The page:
• DETAILED DESCRIPTION
  • The present disclosure is directed to providing a non-slip surface on the end(s) of a paper roll, particularly large paper rolls, such as those from a paper making processes. The size of these rolls is often 30-60 inches in diameter, 30-100 inches in height, weighing from less than a ton to as much as 5 tons, although smaller and larger rolls are also common. Often used terms for these rolls include trim, master and roll stock.
  • Referring to FIG. 1, a standard, unprotected trimmed roll of paper is illustrated at reference numeral 10. Paper roll 10 has a first end 12, an opposite second end 14, and an outer surface 15 that extends between ends 12 and 14. Paper may be wound on a core or be wound in a coreless manner to form roll 10. The paper of paper roll 10 may be any conventional or otherwise known paper, and of any basis weight that can be wound into a roll, such as kraft paper, newspaper, or other. The paper may be bleached or unbleached, or colored. The paper may be in any stage of processing, for example, ready for printing, ready for slitting, already slit to the desired size, or ready for any other converting process. Methods for forming paper roll 10 are well known.
  • Rolls 10 are often moved from one location to another for storage. To protect rolls 10 during handling and storage, various protective elements are added to roll 10.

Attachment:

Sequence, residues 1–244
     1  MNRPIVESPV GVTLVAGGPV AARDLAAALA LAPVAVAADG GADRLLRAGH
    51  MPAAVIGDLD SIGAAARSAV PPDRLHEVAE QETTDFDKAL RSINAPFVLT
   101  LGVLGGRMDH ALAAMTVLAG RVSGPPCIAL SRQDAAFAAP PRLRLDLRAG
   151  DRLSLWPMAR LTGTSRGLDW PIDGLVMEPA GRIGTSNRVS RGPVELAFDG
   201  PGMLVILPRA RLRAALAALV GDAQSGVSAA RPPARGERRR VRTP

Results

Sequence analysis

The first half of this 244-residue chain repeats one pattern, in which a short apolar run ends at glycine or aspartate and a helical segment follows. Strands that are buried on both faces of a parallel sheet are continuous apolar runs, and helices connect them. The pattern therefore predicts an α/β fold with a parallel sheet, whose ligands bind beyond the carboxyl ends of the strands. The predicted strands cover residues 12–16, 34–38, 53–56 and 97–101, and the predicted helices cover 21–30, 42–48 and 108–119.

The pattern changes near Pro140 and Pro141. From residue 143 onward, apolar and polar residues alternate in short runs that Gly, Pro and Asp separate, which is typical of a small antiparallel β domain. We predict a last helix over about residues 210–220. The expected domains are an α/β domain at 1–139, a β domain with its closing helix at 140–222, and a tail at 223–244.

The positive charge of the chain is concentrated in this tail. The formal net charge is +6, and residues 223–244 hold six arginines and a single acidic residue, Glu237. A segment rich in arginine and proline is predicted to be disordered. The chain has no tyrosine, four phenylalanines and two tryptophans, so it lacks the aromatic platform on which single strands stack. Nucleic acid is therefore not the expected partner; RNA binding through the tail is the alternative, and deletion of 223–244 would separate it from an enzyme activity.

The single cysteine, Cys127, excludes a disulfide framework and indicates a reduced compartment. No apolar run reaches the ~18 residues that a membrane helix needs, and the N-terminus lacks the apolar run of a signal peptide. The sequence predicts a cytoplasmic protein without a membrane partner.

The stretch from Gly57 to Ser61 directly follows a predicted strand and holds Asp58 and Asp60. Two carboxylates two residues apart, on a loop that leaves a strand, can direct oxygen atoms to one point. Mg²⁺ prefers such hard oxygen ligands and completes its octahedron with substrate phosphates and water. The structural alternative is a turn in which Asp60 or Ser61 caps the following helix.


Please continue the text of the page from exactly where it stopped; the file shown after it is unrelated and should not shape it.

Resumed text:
• FIG. 2 illustrates wrapped paper roll 10′, which is roll 10 having various protective elements present. In particular, wrapped roll 10′ includes an outer protective wrap 20 that extends around the circumference of paper roll 10. Outer protective wrap 20 preferably extends axially over ends 12, 14 of roll 10 to form covered end 22 and covered end 24, respectively. The portion of wrap 20 that extends over ends 12 to form covered end 22 is crimped or folded to form portions 42. Covered end 24 has a similar overlap of wrap 20, but is not seen in FIG. 2. Outer protective wrap 20 and methods of applying to roll 10 to form crimped portions 42 over covered ends 22, 24 are well known.
  • It is also well known to apply a header assembly to one or both ends 22, 24 of wrapped roll 10′, to protect the edge of the rolled paper. The header assembly often includes an inner header, positioned between the rolled paper and crimp portions 42, and an outer header, positioned over crimp portions 42. In some assemblies, only one header is present. FIG. 2 illustrates an inner header 50 at end 22 present between the rolled paper and crimp portion 42. A comparable inner header can be present at end 24.